63 seconds is all it takes for a dry tree to ignite a room
WORCESTER, Mass. — It only takes a minute for a crispy Christmas tree to touch off a raging inferno.
Researchers who set up a mock living room complete with curtains and an armchair — and then hit "record" as a tree-turned-torch engulfed the room in 63 seconds — hope their video will help people stay safe this holiday season.
"This has only been one minute since time of ignition and we're seeing that the carpet has now ignited and that's an indication of what we call flashover, where the room has gone from local burning at the tree to complete room involvement," said Raymond Ranellone, director of the Fire Protection Engineering laboratory at Worcester Polytechnic Institute.
"So in your home, that'd be your entire living room on fire in just over one minute," he said.
Engineers at the Massachusetts university staged the live exercise as city firefighters stood by. They used a freshly harvested Christmas tree that was left unwatered for three weeks in the room, recreating conditions that often occur after people decorate their homes for the holidays.
First, they touched the tree with a blowtorch. Instantly, the lower branches ignited. A few seconds later, flames were shooting out of the arms of the chair and thick smoke was billowing.
It wasn't long before the fake room was engulfed in a very real fireball.
"This truly was alarming, truly surprising for us to see us going from an ignition all the way to a flashover in this compartment in just 63 seconds, said Ranellone. "And when we start to think about what 63 seconds means — that's how much time we need to get out of the house, to alert the fire department and get the fire department to our houses. Sixty-three seconds is just not a lot of time."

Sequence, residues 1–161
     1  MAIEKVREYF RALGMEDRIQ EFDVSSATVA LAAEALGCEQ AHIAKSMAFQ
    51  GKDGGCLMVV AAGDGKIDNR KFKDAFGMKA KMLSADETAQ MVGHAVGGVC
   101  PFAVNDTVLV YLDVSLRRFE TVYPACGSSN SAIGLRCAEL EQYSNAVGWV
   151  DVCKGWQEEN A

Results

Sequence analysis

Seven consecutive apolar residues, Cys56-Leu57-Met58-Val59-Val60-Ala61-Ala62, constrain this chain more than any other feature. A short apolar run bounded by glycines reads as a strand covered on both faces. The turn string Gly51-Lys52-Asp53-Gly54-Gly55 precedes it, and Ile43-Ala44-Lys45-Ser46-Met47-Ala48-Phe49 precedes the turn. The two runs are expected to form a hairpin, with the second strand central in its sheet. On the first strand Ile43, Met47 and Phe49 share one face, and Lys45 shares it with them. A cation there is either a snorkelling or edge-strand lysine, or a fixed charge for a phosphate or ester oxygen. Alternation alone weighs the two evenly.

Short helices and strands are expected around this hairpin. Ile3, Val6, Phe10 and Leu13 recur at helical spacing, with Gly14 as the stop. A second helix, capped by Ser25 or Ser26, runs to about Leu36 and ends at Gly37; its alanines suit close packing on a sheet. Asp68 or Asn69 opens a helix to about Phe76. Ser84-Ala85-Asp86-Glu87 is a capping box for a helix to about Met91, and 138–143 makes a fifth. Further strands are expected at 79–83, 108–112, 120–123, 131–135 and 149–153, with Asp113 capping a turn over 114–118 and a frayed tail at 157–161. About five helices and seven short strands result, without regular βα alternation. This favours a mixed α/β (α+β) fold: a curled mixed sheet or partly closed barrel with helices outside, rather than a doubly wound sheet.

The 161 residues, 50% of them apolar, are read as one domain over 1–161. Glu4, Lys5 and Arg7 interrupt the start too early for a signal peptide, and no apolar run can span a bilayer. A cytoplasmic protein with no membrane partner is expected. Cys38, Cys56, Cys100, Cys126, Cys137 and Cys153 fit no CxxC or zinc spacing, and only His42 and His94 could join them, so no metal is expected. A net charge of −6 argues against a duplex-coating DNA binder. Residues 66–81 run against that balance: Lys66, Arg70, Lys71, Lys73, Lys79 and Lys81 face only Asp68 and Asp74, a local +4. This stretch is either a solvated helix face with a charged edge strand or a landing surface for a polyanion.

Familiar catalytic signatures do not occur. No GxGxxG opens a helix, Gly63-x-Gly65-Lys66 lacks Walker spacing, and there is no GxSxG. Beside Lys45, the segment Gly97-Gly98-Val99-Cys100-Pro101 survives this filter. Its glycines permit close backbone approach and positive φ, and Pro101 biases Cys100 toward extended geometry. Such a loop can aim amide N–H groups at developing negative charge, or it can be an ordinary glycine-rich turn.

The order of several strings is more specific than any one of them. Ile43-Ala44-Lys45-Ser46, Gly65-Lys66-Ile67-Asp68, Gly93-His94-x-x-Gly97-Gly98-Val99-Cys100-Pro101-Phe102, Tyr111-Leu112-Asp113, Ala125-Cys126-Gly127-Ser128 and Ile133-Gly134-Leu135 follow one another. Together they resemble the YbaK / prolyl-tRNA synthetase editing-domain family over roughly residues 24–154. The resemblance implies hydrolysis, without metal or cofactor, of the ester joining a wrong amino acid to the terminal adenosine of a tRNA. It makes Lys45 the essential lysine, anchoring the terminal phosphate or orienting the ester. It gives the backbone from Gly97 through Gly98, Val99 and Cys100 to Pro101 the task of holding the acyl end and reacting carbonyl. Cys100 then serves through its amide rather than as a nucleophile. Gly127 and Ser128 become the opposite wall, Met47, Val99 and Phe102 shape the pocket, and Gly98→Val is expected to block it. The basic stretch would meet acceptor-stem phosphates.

Christmas trees were to blame for an average of 210 house fires annually between 2009 and 2013, according to the latest available data from the National Fire Protection Association. Those fires killed seven people, injured 19 others and caused $17.5 million in property damage, the organization says.
Experts say the risks can be minimized by following several simple steps.
"The best way to prevent a Christmas tree fire is to water it well every day, place it well away from heat sources, and dispose of it soon after the holiday," said Massachusetts Fire Marshal Peter Ostroskey.
Since about one-third of tree fires are blamed on electrical problems, he said it's always a good idea to turn off lights on the tree when leaving the house or going to bed.
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